The Monastery of Hosios Loukas, one of the finest, 11th century Byzantine monuments in Greece, is set on a picturesque slope on the western foothills of Mount Helikon, near the ancient town of Steiri.
The monastery’s two large churches (the Church of Panagia and the Katholikon), its Crypt, belfry, monk’s cells and other buildings, all devoted to the local, miracle-making Hosios, have a unique standing as they are considered paragons among all 11th century monuments in Greece.
Our main source of information on the monastery and Hosios Loukas himself is his Life (Vios), compiled by an anonymous disciple in 962 AD, a few years after the Hosios’ death in 953 AD.
The ascetic Hosios owed his close relationship with the generals in charge of the Helladic Thema, based in the then thriving town of Thebes, on his divine charismas. The generals Pothos, son of Leo Argyros, and Krinitis Arotras, both honoured the Hosios. Krinitis, in fact, began building, at his own expense, a church devoted to St. Barbara during Hosios Loukas’ lifetime.
Two years after his death, his disciples and fellow ascetics completed and adorned the Church of St. Barbara, turned the cell in which the Hosios was buried into a cross-shaped oratory and built new cells and visitor dorms. A new monastic community was thus established by 955 AD. According to E. Stikas, the Church of St. Barbara is in fact the Church of Panagia and the oratory is the present-day Crypt.
The erection of the Katholikon, which is chronologically set in the first decades of the 11th century, has been attributed by tradition, to three Byzantine Emperors: Romanos II (959-963 AD), Basil Bulgaroktonos (976-1028 AD) and Constantine IX Monomachos (1042-1055 AD).
In 941, Hosios Loukas foretold that “a Romanos will take over Crete”, referring to the island’s occupation by the Saracens. When asked if he meant the current Emperor, Romanos I, he answered: “not him, but another.” The erection of the Katholikon is therefore connected to this prophecy, for it would be only natural for the Byzantine Emperor Romanos II to want to build a majestic church out of gratitude to Hosios Loukas for the liberation of Crete (961 AD), which he foretold. Romanos I, however, died in 963 AD, only two years after the restitution of Crete. This two-year time-frame is not considered to have been adequate for the realization of such a majestic project.
There is no concrete evidence to support that the erection of the Katholikon took place during the reign of Basil Bulgaroktonos, as this most important event is not mentioned in the detailed, written descriptions of the Emperor’s triumphant march from Achris to Athens (1018-1019 AD).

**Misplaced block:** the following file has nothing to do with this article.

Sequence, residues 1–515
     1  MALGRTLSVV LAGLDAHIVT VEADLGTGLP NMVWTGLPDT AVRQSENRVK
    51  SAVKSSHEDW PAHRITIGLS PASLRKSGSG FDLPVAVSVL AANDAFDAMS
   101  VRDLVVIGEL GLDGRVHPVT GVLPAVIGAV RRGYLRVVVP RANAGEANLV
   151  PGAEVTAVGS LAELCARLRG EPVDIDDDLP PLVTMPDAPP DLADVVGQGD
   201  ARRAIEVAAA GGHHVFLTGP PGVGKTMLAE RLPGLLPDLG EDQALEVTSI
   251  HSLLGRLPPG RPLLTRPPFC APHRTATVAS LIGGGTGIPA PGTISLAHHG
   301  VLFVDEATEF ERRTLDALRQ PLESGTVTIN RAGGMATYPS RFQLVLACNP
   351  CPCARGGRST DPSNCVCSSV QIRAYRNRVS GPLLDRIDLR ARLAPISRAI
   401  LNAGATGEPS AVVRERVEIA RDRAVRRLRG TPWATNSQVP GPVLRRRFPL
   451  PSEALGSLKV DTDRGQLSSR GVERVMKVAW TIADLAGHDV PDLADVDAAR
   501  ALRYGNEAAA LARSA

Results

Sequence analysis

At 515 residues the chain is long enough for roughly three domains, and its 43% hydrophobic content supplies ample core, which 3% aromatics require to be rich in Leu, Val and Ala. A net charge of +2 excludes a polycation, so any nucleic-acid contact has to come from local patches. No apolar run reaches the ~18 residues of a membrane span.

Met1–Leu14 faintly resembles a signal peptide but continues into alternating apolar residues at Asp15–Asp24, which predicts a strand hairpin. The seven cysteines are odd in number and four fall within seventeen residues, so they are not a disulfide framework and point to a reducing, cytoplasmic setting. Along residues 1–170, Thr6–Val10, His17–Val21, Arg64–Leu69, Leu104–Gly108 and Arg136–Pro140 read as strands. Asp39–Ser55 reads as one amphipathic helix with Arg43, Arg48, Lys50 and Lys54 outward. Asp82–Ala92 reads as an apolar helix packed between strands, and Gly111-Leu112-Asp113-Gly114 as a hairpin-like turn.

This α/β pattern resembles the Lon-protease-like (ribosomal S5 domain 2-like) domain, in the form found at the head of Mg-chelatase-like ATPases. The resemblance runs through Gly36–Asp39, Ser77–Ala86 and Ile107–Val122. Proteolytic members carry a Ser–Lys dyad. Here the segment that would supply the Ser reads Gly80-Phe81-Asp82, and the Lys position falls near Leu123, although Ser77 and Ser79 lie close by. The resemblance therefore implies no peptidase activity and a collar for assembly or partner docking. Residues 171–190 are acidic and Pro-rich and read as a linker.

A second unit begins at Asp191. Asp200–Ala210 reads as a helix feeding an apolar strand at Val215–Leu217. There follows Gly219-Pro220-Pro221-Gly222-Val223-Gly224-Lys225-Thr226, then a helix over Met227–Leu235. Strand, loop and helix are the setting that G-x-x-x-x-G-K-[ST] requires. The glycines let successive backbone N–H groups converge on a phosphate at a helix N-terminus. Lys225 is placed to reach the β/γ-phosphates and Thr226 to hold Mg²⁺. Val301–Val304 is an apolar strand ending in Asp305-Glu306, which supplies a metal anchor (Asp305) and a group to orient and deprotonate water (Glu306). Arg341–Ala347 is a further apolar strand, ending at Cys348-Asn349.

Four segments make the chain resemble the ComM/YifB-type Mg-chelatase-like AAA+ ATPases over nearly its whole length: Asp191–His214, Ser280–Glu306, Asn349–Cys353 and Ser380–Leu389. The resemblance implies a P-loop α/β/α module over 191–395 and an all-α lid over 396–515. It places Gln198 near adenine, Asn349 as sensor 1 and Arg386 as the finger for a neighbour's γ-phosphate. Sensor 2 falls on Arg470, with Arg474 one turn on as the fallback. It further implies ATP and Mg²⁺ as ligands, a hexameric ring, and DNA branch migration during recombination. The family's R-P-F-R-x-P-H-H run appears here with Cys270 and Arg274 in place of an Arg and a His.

In contrast, the possibility of Emperor Constantine IX Monomachos having contributed to the erection of the Katholikon has been widely supported because: a) there was a great flourishing in the arts and literature during his reign and huge amounts of money were spent on the establishment of majestic churches and public welfare institutions, and b) according to a particularly important piece of information recorded by the explorer Cyriacus of Ancona (1391-1455 AD), the Katholikon was erected during the reign of Constantine Monomachos (1042-1055). Cyriacus visited the Monastery during his tour of Greece (late 1435-March 1436 AD) and recorded his passing on an inscription within the church where he mentions that it was built by Constantine IX Monomachos and that he had read this in an old book he found at the Monastery. The theory which connects the erection of the majestic church to the aristocracy of the then prosperous town of Thebes is refuted by the size of the building, its type and the value of the materials used to construct it, which are all indicative of rich, imperial treasuries and of artists used to decorating imperial buildings. The title Vassilomonastiro (king’s monastery) reflects the monument’s richness and perfection as observed by later generations.
At this point, it is worth recording the historian Const. Paparrigopoulos, who supports that the erection of majestic churches during this era was a form of religious counterattack after the period of iconoclastic controversy and addressed the imperative need for national unity after continuous, barbaric invasions. Moreover, the late Pr. Aggelos Prokopiou suggests that the Monastery of Hosios Loukas was formed as a centre for the renaissance of Orthodoxy, a glorious monument for the victory in Crete but also as a shinning beacon for the hellenization of heathen peoples who had settled in Greece.